Can you think of writing perks you enjoy?  Please share I’d love to hear your perks.

‘Til soon,

Jan

 

 

 

Writing picture books is no joke

In a recent tweet agent Tracy Marchini of Bookends Literary, remarked on something that hit home for me. To authors who’ve received some notice from agents but haven’t been able to clinch the deal she said to grab a piece of paper and ask themselves “What do I need to do to make my writing more attractive to an agent or editor?” and she said to jot down everything that comes to mind. Maybe there’s a craft issue that they subconsciously know is a problem but that they haven’t been quite ready to face. Maybe they’ve been receiving the same feedback in rejections and its time to take another look at that project. Sometimes, she said, we know what we have to do, and we just need that extra push to do it.

And in a recent blog post, Try three times and fail-a quick breakdown of traditional picture book structure, check out its entirety at tracymarchini.com, she talks about the basic outline of picture book structure-three tries and a fail before the main character succeeds in a, or with a,  somewhat surprising twist ending. She discusses the need for a logical progression of attempts, the need for tension, a variety of illustration opportunities, the need for the main character to solve the problem and the need for the main character to learn an emotional lesson.

Phew! That’a a lot to pack into the limited word count of between 500 to 600 words.

But I’m on it and making progress (see my hieroglyphic dummy below-yes I know it doesn’t look like progress but I’m telling myself that it is so don’t burst my bubble). The point is I found her suggestions helpful to refocus, which is why I wanted to share it, as it might help others who are in the thick of picture book plotting.  Best of luck!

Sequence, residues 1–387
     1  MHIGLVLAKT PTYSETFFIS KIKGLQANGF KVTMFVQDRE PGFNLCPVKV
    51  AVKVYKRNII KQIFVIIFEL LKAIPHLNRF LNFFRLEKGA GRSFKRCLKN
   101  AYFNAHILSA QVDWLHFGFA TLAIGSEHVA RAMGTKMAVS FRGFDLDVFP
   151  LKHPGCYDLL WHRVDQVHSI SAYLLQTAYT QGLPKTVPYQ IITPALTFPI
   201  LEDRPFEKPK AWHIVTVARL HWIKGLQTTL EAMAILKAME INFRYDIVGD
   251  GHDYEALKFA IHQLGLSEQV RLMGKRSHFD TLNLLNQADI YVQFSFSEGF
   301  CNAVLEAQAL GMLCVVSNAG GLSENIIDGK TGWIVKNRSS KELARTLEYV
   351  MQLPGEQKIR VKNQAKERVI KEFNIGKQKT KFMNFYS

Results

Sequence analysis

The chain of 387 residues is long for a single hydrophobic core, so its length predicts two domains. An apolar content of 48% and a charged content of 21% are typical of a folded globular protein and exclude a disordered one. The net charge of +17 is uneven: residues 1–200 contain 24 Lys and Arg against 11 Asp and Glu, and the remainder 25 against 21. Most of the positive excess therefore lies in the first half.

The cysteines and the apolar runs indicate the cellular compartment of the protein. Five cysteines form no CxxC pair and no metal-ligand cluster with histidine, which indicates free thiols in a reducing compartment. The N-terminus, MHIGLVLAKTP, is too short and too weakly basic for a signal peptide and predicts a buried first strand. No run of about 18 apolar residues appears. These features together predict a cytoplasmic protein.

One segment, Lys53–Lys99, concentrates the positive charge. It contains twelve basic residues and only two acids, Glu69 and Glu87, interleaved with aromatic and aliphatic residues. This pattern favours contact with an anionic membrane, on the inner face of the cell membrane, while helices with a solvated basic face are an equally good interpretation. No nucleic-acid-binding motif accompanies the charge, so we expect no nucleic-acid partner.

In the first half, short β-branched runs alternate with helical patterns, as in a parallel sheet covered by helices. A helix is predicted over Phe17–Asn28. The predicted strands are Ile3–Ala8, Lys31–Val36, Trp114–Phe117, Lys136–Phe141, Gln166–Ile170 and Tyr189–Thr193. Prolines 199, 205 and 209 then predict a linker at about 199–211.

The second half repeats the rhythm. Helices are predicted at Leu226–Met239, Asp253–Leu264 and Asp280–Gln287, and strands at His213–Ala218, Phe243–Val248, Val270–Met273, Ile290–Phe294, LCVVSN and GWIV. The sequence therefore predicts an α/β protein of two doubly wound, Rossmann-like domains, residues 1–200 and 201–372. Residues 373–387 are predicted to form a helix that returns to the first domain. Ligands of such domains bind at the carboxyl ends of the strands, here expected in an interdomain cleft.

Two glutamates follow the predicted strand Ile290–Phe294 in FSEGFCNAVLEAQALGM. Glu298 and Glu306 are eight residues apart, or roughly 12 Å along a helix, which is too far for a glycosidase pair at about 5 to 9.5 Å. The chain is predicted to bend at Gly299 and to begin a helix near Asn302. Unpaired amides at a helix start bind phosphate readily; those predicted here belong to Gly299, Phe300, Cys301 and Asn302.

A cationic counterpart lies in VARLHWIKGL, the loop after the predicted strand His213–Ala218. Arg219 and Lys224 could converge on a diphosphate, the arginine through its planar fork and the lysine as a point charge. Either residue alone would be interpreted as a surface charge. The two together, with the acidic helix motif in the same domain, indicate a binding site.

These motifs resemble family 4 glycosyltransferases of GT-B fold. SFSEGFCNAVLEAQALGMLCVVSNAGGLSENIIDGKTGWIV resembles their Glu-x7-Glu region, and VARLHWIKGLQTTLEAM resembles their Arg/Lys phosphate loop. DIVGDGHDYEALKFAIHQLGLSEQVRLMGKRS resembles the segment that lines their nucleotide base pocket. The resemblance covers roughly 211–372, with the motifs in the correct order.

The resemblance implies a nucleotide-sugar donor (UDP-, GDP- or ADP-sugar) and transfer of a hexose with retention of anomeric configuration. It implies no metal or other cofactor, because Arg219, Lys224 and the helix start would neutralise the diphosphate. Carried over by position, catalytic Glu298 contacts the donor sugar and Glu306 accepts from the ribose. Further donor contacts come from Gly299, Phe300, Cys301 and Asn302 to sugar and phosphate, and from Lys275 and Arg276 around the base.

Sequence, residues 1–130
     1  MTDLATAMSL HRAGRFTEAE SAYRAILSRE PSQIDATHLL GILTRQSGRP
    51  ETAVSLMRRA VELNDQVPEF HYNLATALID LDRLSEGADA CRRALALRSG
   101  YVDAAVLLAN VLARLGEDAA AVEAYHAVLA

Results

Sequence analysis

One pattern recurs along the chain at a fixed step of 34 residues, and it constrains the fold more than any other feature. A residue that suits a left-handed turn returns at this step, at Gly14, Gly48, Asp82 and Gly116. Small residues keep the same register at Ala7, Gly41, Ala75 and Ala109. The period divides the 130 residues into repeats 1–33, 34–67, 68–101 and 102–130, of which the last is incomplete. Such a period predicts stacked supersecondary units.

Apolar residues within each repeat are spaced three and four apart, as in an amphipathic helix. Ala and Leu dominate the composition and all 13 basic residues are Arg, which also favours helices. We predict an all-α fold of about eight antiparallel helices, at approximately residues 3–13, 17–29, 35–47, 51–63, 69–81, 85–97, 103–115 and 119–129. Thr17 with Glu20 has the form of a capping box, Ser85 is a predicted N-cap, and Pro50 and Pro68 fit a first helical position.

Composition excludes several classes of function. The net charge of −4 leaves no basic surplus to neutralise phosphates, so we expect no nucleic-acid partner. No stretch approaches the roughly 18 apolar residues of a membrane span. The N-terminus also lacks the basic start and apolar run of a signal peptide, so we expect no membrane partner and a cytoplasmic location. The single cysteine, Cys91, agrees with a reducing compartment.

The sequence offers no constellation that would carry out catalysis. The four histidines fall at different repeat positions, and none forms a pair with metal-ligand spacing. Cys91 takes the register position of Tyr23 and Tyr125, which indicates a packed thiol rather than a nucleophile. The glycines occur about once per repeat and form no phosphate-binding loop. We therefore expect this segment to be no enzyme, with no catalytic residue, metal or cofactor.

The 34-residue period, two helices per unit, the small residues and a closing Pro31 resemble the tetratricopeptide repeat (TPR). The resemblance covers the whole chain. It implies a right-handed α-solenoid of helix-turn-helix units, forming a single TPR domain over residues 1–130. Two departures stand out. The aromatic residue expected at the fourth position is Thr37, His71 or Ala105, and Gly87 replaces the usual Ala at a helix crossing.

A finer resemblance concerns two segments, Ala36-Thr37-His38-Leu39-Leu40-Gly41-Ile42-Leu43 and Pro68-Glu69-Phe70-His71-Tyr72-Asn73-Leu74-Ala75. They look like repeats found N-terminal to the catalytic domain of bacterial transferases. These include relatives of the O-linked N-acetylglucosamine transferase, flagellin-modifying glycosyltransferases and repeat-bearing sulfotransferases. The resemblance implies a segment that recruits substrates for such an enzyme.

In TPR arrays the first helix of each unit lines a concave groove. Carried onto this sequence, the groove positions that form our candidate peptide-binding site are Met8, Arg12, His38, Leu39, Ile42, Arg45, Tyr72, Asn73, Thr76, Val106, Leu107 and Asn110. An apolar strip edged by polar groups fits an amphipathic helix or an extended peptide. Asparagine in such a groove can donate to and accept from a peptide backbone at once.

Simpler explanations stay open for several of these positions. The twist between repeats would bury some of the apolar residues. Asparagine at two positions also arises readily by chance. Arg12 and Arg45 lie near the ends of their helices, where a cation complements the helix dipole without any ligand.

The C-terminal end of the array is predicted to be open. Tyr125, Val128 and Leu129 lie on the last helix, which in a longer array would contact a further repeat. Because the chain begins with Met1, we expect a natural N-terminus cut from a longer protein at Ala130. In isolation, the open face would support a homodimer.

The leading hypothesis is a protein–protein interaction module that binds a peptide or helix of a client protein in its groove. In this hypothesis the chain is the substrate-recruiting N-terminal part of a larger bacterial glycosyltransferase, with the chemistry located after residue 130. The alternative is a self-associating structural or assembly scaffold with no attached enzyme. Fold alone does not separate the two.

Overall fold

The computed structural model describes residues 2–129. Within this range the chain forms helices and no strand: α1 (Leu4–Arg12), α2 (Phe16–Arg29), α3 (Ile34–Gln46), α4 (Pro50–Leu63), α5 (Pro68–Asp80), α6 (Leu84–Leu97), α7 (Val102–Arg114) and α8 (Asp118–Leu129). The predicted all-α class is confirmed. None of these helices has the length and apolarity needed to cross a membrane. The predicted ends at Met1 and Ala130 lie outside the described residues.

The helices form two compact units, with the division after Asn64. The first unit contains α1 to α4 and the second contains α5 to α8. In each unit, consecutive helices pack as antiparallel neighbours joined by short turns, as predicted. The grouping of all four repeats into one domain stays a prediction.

IMG_1355

The start of something . . .

A new school year, a new school (be it college, graduate or pre-school) a new job, a new work in progress, starting a new revision on a work in progress,even starting a new habit (hopefully healthy) all contain the unknown.  How will it work out?  Will it be a success? Will it work for the best? What will you be like during and after?

The unknown- can be exciting, anxiety provoking, even a bit frightening. But still, as Gandalf says to Pippin when he notices the palpable quiet that precedes the upcoming battle in  The Return of the King, “Its the deep breath before the plunge.”

resized-rdixl.jpg

 

That’s how it feels around my house this weekend. My younger daughter is heading off to start her sophomore year in college. She has a long flight ahead of her and way too much luggage. I can almost hear her thoughts, I can certainly feel them.

It’s universal this feeling of the “unknown”.  It doesn’t matter your age. It presents itself for your notice and will not go away until it has been given its proper due.  You can look on it with trepidation or you can look on it and acknowledge that you’re not alone in feeling it.  I feel it, my children feel it, my students I’m positive will feel it come the first day of their new school day routine, as will their parents.

I also feel it, as a writer, having finished a rough draft of a revision that still seems to be  missing the mark. It needs to be tackled anew-it needs me to start it not as a familiar thing, with sentences that I don’t really want to cut, or metaphors that are too close to my heart, but as if it were a brand new piece filled with the unknown and so filled with excitement, wonder, adventure, joy.

To my own end I’m looking positively toward pulling myself out of the lightning sands of the Fire Swamp of my revision while keeping my fingers crossed that they’re are no R.O.U.S. (Rodents of Enormous Size) headed my way.

image94-e1535913881270.jpg            rodents-of-unusual-size-e1535915670105.jpg

If you have any suggestions about techniques that’ve worked for you when revising please share!!

I hope your new ventures set off with thrilling starts and that by all means you do your best to avoid the Cliffs of Insanity.

download.jpg

“It’s a dangerous business, Frodo, going out your door. You step onto the road, and if you don’t keep your feet, there’s no knowing where you might be swept off to.”-J.R.R. Tolkien

All the best,

Jan